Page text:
When Jesus came, he was a great teacher who also healed people from many diseases and did many other miracles to show that he really was God. Jesus came because people had misunderstood much of what God was trying to communicate to people, about how the most important things in life are to love God and to love others (Mark 12:28-34, The Bible). The Jewish people had been expecting a Savior. In Hebrew, the Jewish language, this was Messiah. In Greek, the common language of the time, the word is Christ. Many people thought the Messiah should be a political savior, to overthrow foreign rule in their land. Instead, Jesus came offering eternal salvation. He said the true way of freedom is to pursue love and peace first with God, by trusting God (having faith in God), connecting your heart to God’s heart. Second, we should love and serve others, instead of trying to control situations, force our own way, or work mainly toward our own advantage.  Instead, trust God to work on your behalf.

Many people liked the love and miracles Jesus gave, but many others did not like his message of freedom through serving and giving up power, instead of seizing power. Eventually the established religious and political leaders of the time convinced enough people in the crowd to ask the Roman rulership of the day that Jesus be put to death, upon exaggerated charges.

When Jesus knew the time was right and that he had completed the work God the Father had sent him to do on earth, in showing the people what God is really like, he allowed himself to be arrested and did not defend himself against the criminal charges brought against him. Jesus had never sinned, but the leaders of the time twisted the truth to make Jesus look bad. It was a very strange and frenzied trial. Jesus chose to submit to being put to death as a final act of love and service to people. Just as animal sacrifices had once been the way to turn from sin and turn back to God, Jesus allowed himself to be a once-and-for-all perfect sacrifice.  (Jesus knew it wasn’t really the end!)

Though many turned against him, Jesus also had many loyal followers. Some of them became afraid of the raging crowds and ran away from this conflict. Some were not allowed to be around during the proceedings because of the laws of the day. A few remained with Jesus to the end. But at the time, though Jesus had tried to tell his friends what was going to happen, no one understood, and they were very sad, scared, and confused when Jesus was put to death. He was killed by being nailed to a wooden cross that was raised up on a hill, which was a method the Roman rulers used to humiliate and execute the worst criminals.

What no one expected — though Jesus had tried to tell them it would happen — was that on the third day, Jesus was raised from the dead! Angels appeared and unsealed the tomb in which he was buried, and Jesus appeared to many people all around Jerusalem and nearby places in Israel. After forty days, with a crowd of around five hundred people gathered on a hill, Jesus rose to heaven right before their eyes — never to die again, because in his death on the cross, he defeated the power of death over people and made a new way for people to have closer relationship with God both on earth and forever after our death, for any who have faith in Jesus (John 3:16).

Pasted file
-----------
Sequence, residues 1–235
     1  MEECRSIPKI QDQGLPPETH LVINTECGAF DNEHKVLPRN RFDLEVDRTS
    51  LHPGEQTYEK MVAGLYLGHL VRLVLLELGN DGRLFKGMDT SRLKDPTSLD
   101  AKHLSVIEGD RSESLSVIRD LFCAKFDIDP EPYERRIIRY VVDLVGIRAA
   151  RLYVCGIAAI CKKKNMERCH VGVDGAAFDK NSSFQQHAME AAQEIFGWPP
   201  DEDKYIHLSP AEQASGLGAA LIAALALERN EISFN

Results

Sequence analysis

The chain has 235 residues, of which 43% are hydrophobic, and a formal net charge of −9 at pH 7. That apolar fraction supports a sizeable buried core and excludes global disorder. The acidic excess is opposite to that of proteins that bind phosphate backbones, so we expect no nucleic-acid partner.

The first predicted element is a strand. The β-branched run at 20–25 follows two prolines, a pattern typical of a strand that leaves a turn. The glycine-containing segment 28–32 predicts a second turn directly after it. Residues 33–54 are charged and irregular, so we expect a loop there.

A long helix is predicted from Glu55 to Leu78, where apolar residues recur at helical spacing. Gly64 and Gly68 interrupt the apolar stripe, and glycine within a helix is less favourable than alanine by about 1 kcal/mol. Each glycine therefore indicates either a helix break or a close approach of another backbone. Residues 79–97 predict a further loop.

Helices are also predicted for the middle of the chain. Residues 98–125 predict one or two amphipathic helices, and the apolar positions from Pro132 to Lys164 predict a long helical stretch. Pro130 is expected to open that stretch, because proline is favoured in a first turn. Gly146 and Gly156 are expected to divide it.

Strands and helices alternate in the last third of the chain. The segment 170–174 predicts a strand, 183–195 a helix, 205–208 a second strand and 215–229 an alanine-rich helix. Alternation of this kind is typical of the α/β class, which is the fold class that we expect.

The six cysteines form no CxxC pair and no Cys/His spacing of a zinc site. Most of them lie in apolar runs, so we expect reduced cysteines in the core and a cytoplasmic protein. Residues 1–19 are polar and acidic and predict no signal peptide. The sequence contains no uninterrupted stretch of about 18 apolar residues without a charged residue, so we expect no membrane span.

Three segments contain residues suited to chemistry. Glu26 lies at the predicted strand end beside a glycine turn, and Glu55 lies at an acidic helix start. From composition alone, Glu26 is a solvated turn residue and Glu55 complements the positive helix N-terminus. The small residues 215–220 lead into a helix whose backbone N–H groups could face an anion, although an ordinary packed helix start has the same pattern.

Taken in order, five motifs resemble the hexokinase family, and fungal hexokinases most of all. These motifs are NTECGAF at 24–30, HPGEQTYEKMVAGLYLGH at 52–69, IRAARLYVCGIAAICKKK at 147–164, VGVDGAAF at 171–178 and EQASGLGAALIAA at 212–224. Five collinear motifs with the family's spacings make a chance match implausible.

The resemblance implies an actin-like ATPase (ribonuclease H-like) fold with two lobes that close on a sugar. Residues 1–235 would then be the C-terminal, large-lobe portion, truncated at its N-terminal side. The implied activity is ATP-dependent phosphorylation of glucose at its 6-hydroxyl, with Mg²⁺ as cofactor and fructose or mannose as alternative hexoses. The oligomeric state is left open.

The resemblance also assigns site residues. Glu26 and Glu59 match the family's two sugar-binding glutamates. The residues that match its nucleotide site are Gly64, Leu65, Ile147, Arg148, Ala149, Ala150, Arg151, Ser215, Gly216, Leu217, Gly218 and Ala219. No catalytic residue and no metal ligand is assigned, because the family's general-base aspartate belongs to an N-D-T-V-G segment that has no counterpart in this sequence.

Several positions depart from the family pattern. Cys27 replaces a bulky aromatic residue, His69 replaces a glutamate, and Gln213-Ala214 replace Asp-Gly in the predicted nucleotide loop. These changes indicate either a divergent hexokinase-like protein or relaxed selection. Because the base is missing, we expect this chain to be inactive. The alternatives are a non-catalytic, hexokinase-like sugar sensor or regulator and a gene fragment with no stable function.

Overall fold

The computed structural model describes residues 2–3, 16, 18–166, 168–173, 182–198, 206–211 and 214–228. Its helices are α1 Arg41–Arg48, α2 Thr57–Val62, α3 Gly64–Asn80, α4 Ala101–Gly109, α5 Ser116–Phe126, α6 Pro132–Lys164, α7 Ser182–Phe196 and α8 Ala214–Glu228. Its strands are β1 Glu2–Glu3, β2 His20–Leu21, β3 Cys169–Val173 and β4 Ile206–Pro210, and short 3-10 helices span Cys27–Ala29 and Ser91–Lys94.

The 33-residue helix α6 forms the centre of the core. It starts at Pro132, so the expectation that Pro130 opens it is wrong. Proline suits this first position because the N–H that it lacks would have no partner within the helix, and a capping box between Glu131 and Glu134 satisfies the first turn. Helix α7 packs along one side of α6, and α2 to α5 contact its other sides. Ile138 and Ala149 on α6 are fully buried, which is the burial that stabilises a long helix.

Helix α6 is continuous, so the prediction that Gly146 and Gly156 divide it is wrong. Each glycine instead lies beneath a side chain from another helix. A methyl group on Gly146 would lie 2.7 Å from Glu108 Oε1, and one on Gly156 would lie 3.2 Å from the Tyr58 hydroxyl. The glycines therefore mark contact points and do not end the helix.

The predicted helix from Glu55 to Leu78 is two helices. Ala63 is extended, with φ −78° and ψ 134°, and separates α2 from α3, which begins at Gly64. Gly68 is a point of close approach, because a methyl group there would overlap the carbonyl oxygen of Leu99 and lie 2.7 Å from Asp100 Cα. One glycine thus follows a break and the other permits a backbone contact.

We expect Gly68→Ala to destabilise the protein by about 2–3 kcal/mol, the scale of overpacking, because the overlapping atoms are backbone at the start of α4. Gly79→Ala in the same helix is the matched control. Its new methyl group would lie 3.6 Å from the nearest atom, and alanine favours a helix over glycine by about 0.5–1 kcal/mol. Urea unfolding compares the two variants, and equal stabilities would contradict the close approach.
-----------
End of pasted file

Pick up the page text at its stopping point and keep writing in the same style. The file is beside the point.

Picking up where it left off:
After the resurrection of Jesus, many of his friends began to share the story of Jesus’ life and teachings with greater courage than they’d ever had. First the movement arose from within the Jewish faith, and was also shared with those of other beliefs. Eventually the followers of Jesus came to be known as Christians, meaning “ones like Christ.”

Good Friday is remembered as the day of Jesus’ great sacrifice in dying for all people, that those who have faith in him could live forever. Easter is celebrated as the day of the Resurrection of Jesus, which signaled the triumph over death, and that we need not fear death, for God will be with us always (Matthew 28:20, Hebrews 13:5).

Be at Peace Ebook – [Free ebook download so you can join in wherever you are]

Every year my church does a “Month of Dedication” leading up to Easter. This year our senior pastor, Mike Lawrence, has written our guide through the month. Our theme this year is “Be At Peace” from Romans 12:18 – “So far as it depends on you, be at peace with all people.”

It is easy for me to get very sad when I read the newspaper, watch television, read bumper stickers, etc. these days. Our country is so divided at this time. Some are hopeful, some are fearful. The government is talking up ramping up military spending and building a wall, while cutting spending for the arts and humanities, and programs that care for those who need the most help – things like Meals of Wheels, healthcare, and so many other programs that help people. We are divided. And it makes me sad.

Unfortunately, my home often feels the same way. It seems like there isn’t enough kindness and unity, and there’s a little too much “mine!” and yelling. My kids sure know how to assert their rights to each other! But they know a little bit less about laying down their rights out of service and love toward one another. As much as my husband and I try to model this, we also assert our own rights – to peace and quiet! To being in authority! To set bedtimes! But if I want more peace in my own home, or in my sphere of influence in the community, I must begin by seeking peace in the way that Jesus modeled and recommended: by laying down my own rights and seeking to serve and love others, even if it doesn’t serve my agenda or ideals.